By Alleen Brown
By Maggie LaMaack
By CP Staff
By Jesse Marx
By Jesse Marx
By Maggie LaMaack
By Jake Rossen
The Thing That Gets His Goat
Much has been made of the dumbing-down of newspapers and magazines in this age of computers and television, but the main thing that gets my, and apparently only my, goat is the mass encroachment of subheads on the written word.
This Is a Subhead
What are subheads? Allow me to explain. I'm not talking about the explanatory secondary headlines that follow the main headlines in any given paper. Those are noble, efficient, one might even say sexy. I'm talking about the pesky and thoroughly unsexy little copy-breakers that various editors or--God forgive them--subhead-snookered writers themselves insert into stories.
Like This One
Like this one, to give you, the "reader," a break from all that tiresome "reading." I suppose you could say that the subhead trend bothers me because I'm a writer and I try desperately to perfect antiquated stuff.
Transitions and Flow
Like transitions and flow, and because I think writing, like most everything else good in life, revolves around flow and rhythm. But the truth is, subheads bug me even more as a reader. Some of the best editors I've ever had have justified subheads to me, explaining that they are necessary "eye candy" and "reader guides" imperative to "reader friendliness."
I'm with Stupid
All I know is that whenever I read a column or story that's been broken up by subheads, especially a syndicated story that appeared somewhere else first without any subheads, my inner reader feels violated.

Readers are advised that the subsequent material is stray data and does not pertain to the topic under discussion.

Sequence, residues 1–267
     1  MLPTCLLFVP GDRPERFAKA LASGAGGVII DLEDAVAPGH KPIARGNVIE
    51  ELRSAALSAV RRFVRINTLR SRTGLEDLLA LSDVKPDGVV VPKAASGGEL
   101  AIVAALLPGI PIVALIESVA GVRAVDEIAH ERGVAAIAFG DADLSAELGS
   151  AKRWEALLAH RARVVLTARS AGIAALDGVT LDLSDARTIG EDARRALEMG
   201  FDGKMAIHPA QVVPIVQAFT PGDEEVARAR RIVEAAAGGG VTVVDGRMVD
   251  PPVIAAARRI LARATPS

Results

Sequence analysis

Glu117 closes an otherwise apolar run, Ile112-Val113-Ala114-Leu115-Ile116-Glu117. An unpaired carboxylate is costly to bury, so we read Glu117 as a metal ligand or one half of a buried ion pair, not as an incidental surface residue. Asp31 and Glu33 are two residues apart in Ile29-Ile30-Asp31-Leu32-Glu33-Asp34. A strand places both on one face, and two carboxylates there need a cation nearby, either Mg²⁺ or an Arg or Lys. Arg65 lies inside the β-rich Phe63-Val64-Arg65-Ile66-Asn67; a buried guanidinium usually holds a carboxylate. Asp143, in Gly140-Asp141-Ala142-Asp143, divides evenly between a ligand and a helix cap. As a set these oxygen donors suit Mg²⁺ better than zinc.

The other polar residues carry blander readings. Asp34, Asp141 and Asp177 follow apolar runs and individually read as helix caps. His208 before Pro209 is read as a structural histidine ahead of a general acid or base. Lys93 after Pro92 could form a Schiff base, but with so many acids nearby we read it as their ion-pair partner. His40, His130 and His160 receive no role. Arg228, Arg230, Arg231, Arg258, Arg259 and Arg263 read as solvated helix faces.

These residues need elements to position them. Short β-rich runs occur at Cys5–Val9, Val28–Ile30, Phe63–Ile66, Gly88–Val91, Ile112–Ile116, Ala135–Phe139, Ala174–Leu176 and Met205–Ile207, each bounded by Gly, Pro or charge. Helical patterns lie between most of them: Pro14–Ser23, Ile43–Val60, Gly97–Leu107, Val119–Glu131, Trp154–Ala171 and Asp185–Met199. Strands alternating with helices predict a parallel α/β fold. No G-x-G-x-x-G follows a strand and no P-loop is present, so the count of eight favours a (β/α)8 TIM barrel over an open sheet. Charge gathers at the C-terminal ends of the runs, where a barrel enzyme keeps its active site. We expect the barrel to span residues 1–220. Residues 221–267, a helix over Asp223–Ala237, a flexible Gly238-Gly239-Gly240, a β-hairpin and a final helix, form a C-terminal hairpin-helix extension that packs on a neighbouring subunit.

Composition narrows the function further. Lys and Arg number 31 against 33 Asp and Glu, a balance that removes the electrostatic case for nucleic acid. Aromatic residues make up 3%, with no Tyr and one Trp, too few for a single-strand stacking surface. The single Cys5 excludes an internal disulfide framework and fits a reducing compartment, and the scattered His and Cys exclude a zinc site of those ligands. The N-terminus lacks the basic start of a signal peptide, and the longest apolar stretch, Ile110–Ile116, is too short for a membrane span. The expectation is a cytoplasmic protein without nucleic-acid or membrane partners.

Walsh: Prima Donna
I'm not saying I detest all subheads--some, in fact, are welcome little pauses; sweet exhales in the giant inhale that is reading a newspaper. But their use is out of control. And, try as I might to ignore them, I can't because whenever I trip on one, all I can picture is some editor sitting at a computer terminal, going through some perfectly graceful copy.
Unlike This Pile of Crap
Copy that would be totally and thrillingly readable and understandable and booty-shaking on its own, with maybe a cool photo or illustration serving as essential aforementioned eye candy. But, because Mr. or Ms. Hack-the-Art has nothing better to do, or has been issued a direct edict from the Corporate Subhead Division or the Let's Foster Skimmers Not Readers Team, what we get are subheads that simply repeat the most obvious language/theme from the upcoming paragraph or artificially created "section." Now, I fully admit that I'm a sick and damaged ink-stained wretch.
See, He's Sick and Damaged. Don't Blame Us
But I've gotten to the point where I don't even read stories with subheads anymore. I just skim the paragraphs to see what language inspired the subheads. I suppose my skimming supports the media consultants' theory that today's newspaper readers are ADD morons.
Can't Keep Their Minds on One Thing
Morons who can't keep their minds on one thing long enough to read a story longer than a horoscope, but I beg to differ. I pine for a simpler time and dream of moments like this one, when readers and writers are on the same page. For inspiration, sometimes I go to the archives at the library to look at old newspapers. No subheads. No splashy graphics. No color. No fancy fonts for headlines. Just words. Gray. Dull. Fabulous. Words.
Dream. On. Gramps.
I've worked in this business long enough to remember a time when subheads didn't exist. These days, editors are so freaked about losing readers and so worried about how little time people spend with newspapers that they've gone subhead nutty.
The genius editors at this fine rag would never slap mindless subheads on my flawless prose, of course. Now I realize that I've forever screwed this up for readers of this column, and that you'll never again read a story with subheads and not see them in a new boldface light. But I suppose, dear reader,
That Has Been His Intent
that that has been my intent.
Jim Walsh can be reached at jwalsh@ citypages.com or 612.372.3775.